Writers are often asked, “Where do you get your ideas?”
While some of us have perhaps too many ideas (see my folder of unfinished
novels), others need help.
Writing Tip for Today: Here are a few ways to cultivate new
ideas for your writing:
One of my easiest ways to shape a new writing idea—whether it
be a novel story arc, an idea for an essay or a poem—is by taking a stroll
through my memories. As a writer, I am a perpetual “noticer,” that is, I
observe not only the overall but also the very particular.
While painful memories or trauma often yield the most intense gut reaction, you can also mine your life for the happiest moments. Close your eyes and imagine the place, the characters, the circumstances. Use concrete (particular) sensory details (sight, sound, taste, touch and smell) to animate the memory. Then (be brave for less-than-joyful memories) add in your emotions. This may take many tries before the true feelings emerge.
Another way to use memories is to do mash-ups. Take a more
recent event and place it in another time frame. Change character gender,
appearance or temperament. Change the ending. See how your story changes as the
Fly on the Wall
Writing is observation to a large degree. If you are
reaching for fresh story ideas, go to a mall, restaurant or an event where you
can be the fly on the wall. Eavesdrop (tactfully) on conversations for dialogue
ideas. Take note of body language and appearance. Jot down as many interesting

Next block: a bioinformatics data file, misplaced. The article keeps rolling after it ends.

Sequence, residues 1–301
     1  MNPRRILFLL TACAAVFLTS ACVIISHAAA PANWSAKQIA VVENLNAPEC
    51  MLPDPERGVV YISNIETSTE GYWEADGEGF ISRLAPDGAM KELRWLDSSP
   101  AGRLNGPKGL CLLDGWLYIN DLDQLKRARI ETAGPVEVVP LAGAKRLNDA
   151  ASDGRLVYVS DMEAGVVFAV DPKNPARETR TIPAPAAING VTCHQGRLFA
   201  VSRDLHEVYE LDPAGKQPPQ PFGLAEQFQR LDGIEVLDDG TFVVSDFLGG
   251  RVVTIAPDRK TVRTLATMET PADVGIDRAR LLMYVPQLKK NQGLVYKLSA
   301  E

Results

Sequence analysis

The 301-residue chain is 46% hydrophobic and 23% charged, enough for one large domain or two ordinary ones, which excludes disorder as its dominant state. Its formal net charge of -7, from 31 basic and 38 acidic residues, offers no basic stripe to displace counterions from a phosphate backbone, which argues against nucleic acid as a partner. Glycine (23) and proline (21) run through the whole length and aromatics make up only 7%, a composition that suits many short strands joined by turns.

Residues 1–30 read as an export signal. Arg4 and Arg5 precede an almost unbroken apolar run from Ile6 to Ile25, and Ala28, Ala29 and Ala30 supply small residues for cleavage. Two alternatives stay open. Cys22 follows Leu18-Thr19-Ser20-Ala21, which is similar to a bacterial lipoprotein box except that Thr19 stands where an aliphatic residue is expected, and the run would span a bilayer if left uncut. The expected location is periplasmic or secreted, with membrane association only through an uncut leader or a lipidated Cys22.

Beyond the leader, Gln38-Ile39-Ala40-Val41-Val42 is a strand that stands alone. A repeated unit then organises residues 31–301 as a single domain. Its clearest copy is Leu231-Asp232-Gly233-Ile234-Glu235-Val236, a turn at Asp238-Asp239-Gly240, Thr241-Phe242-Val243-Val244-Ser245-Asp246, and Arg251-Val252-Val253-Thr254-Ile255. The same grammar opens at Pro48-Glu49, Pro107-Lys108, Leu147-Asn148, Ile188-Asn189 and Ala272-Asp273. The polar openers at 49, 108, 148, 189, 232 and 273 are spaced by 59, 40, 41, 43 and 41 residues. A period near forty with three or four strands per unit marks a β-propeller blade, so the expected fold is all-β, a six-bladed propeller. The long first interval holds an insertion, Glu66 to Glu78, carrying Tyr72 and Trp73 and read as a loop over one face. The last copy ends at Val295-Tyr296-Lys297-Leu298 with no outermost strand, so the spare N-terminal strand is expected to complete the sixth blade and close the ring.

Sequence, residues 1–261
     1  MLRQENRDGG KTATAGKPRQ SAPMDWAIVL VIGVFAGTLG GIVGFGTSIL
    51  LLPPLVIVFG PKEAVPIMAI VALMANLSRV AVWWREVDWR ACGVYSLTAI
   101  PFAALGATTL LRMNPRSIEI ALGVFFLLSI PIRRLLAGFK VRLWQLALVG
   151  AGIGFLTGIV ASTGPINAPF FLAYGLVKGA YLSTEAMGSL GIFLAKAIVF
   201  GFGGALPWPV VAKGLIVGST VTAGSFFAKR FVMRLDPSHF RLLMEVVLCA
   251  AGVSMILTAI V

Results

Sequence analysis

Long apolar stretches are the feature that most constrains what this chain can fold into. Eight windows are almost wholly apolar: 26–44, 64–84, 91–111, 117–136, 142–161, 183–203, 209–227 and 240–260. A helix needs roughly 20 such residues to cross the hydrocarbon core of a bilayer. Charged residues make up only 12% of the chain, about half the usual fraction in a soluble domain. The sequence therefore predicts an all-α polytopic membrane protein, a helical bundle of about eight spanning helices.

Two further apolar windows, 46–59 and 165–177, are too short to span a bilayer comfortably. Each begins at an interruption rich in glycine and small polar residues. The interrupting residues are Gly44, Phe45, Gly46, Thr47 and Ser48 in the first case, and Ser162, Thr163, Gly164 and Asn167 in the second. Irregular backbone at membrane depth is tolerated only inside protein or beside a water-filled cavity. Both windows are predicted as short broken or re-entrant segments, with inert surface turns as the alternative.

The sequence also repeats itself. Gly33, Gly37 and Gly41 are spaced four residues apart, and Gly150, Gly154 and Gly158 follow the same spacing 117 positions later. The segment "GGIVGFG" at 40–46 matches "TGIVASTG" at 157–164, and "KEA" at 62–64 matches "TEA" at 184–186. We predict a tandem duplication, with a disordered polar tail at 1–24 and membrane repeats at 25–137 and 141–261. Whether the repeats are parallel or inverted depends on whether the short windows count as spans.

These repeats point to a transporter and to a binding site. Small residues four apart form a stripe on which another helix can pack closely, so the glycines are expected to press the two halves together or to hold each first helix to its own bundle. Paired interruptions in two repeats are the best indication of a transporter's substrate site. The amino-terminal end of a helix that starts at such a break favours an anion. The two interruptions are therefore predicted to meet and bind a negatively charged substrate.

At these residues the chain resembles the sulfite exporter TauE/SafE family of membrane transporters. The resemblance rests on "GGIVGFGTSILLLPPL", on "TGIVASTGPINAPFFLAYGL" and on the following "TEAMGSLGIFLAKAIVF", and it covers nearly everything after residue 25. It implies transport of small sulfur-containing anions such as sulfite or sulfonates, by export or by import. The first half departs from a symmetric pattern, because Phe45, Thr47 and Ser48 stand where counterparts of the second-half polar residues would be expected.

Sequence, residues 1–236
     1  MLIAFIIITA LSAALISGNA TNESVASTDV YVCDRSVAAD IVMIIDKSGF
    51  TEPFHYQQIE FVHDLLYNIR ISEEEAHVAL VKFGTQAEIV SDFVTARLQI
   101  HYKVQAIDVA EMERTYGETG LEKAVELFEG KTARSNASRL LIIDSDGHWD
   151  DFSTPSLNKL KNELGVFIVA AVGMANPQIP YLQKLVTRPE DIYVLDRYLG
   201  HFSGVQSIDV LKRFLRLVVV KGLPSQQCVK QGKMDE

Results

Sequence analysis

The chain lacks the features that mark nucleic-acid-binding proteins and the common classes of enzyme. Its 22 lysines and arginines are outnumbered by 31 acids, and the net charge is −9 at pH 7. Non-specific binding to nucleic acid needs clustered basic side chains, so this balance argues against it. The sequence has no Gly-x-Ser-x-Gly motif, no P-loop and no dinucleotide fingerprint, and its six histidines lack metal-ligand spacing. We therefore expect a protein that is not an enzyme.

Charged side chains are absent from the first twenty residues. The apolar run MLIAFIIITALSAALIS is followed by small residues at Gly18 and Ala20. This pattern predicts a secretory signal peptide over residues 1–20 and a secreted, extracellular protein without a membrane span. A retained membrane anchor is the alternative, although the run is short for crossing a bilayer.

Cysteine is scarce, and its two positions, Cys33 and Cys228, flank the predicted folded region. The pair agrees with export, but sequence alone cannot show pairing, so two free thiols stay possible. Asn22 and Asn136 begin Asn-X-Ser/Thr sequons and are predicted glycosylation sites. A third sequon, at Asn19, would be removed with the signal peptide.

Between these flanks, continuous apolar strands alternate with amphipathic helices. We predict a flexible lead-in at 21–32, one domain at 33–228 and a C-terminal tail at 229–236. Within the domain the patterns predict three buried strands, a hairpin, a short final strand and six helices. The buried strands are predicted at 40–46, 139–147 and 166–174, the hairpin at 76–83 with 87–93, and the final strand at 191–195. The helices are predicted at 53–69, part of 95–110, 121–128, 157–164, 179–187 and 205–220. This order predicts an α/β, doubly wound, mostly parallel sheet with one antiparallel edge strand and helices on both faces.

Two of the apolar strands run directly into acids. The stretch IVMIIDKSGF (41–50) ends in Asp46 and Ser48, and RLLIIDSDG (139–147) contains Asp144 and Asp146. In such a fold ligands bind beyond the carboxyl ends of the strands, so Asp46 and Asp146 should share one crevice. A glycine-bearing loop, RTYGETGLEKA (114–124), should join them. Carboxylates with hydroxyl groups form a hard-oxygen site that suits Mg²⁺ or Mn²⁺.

details as possible (without getting caught!).
You can use the mash-up idea here too. Mix and match details
to create a unique character, setting or story arc. Peoplewatching is a great
way to develop specific traits for your characters: the odd way a man walks, how
natural dialogue sounds, the way a teen snaps her gum or tosses back her hair.
Prompts for All Seasons
If you’re still grasping for new ideas, writing prompts offer an endless variety of ways to build a character or story. My friend Hope Lyda’s forthcoming book My Unedited Writing Year is a gem and chock-full of original writing prompts.
Another great resource is the older book What If? Writing Exercises for Fiction Writers by Pamela Painter and Ann Bernays. Even without a guide, you can always play the “What if?” game to shape a story.
Coming up with new ideas often involves matching old story
archetypes (there really are only a handful of story types) with the specific people,
places and things you observe either through memory, observation or even a
hypothetical writing prompt. May your writing take on new and exciting ideas
this coming year!